8. dilbert says:

    Mr. Schick — The New York Times on Saturday(and the USA today previously) both document how the relationship between Michael Schiavo and the Schindlers deteriorated after he refused to share the $300,000 loss of consortium award with them. The courts have settled the issue of what Terry wanted to their satisfaction. The Times also reports that all but two of the neurologists who examined Ms. Schiavo say that she is in a persistant vegetative state. Of the two who disagree, one only looked at videotape and did not examine her, the other claims to have all sorts of cures for people in pvs(obviously not cures that are recognized by standard medical science). If you want to disagree with the court’s finding of what Ms. Schiavo wanted, certainly that is a your right, but the judges have spend a lot of time on the topic. Certainly they could be wrong, but there isn’t any proof that they are. Of course, in any human judgement, there is room for error.

    zev — I think there is much more of a chance that your Christian right friends that you are hooking up with are going to impose their beliefs on us and our children, than any chance that misguided “liberals” are going to impose thier views of quality of life on us without our permission. It depends on which way you want to err in your society. You can err on the side of too much freedom, or too much secularism, and wind up like the French, banning kippot and religious observance in school, or you can err on too much religion and values being imposed(and despite what you might want or think you can achieve, they are not going to be Jewish values, they are going to be Christian values) and wind up with more of a theocratic state, with prayers to Jesus and more outward trappings of religion, not to mention the more extreme versions of christian states(anyone remember the inquisition?). I would prefer to err, within reason on the side of more freedom, and less christianity.

  9. Joe Schick says:

    Dilbert: “Of course you can make it look like murder if you phrase it in terms of withholding food/water from a person. But if you think of it in terms of not aggressively treating someone, it starts to look less and less like murder.”

    The law is clear that if you withhold food and water from a patient – even one in a vegetative state – who has not consented, it is indeed murder. If you, Dilbert, as a doctor, would unilaterally take out someone’s in Terri Schiavo’s condition, you’d be charged with 1st degree murder.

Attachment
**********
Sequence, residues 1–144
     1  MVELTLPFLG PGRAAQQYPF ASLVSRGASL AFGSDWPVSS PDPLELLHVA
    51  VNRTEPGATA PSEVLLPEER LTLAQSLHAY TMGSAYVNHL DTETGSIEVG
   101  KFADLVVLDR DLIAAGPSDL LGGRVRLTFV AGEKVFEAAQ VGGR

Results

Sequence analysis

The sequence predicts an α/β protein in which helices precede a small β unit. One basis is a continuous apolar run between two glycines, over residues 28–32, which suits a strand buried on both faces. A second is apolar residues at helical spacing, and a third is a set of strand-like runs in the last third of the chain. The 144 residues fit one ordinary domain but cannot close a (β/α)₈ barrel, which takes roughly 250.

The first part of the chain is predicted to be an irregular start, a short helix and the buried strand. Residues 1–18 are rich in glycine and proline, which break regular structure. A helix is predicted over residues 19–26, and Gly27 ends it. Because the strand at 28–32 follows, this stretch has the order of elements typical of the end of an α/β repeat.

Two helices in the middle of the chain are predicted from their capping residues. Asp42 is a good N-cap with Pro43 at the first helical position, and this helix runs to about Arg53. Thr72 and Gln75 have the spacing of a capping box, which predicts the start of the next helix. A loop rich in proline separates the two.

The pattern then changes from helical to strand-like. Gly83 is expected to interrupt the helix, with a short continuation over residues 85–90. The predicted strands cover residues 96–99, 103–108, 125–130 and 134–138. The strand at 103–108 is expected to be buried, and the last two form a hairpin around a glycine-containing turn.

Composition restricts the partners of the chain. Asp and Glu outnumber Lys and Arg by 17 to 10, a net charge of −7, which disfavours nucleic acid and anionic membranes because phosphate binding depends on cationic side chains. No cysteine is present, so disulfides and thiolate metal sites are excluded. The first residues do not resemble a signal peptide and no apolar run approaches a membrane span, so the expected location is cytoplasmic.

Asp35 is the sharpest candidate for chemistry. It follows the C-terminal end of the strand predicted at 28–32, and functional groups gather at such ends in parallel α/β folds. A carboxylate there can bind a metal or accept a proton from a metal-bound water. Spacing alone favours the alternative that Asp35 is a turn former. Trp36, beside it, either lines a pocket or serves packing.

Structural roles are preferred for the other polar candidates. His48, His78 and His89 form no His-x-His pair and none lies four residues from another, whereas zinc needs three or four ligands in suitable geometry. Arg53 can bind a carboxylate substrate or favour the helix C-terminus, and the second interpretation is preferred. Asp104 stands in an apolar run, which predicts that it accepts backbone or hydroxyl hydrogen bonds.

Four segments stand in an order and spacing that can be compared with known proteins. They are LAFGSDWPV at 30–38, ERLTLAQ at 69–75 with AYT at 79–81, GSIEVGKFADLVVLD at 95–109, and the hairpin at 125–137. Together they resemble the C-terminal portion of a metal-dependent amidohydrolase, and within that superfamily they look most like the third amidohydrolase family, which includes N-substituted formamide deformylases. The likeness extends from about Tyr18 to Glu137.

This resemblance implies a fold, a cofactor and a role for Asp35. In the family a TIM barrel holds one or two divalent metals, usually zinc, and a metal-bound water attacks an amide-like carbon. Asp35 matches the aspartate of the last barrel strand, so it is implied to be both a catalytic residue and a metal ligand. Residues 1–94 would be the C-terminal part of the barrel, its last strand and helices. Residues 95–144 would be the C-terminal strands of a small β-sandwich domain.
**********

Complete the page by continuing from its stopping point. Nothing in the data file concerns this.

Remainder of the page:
We can agree on the halacha, and that a patient has the right to request that food and water be withheld. The issue here is whether Schiavo clearly indicated that she would not want to remain alive in this condition. I think this is an unresolved factual question, and therefore the feeding tube should not have been removed.

  10. Zev says:

    Different River is really on target, and I’d recommend a visit to his website for a more comprehensive look at the perversion that is being imposed upon us in the name of “law”. Example: The arrest of a ten-year-old boy for the “crime” of bringing water to Terri Schiavo. This is a descent to the level of S’dom. It amazes me that Orthodox Jews can actually defend what’s being done here.

  11. In Comment #15 above, Sholom Simon writes:


    You’re complaining against the wrong people! This is not a case of
    activist judges. … No, this is a case where the judges are simply
    interpreting Florda law.

    See this page for a list of Florida statutes which have been ignored or violated by the Florida judges. Some of them are quite obvious, e.g., Title XLIII, 744.3215(1)(a) required a guardianship of an incapacitiated person to be reviewed annually, and for the guardian to file an annual report and plan of action. Michael Schiavo has not filed such reports for many years, the courts have not asked him to, and the last time he did submit such a report, under “plan of action” he wrote “NONE.”

    In addition, 744.3215(1)(i) requires that an incapacitated person receive rehabilitation services — which were denied starting 6 years before Michael first sought an order to remove feeding and hydration.

    Futhermore, if they really took the Florida statutes seriously, Michael would be prosecuted for violating Title XLVI, 798.01, which declares that, “Whoever lives in an open state of adultery shall be guilty of a misdemeanor of the second degree.” Such a finding or conviction would no doubt impugn Michael’s claim to have his legal wife’s best interests at heart and thus his right to be her legal guardian. The fact that he has publicly announced his intent to marry another women, with whom he is already living and has two children, should be enough to show that he has interests contrary to hers, which has consequences under Florida statutes that have never been enforced.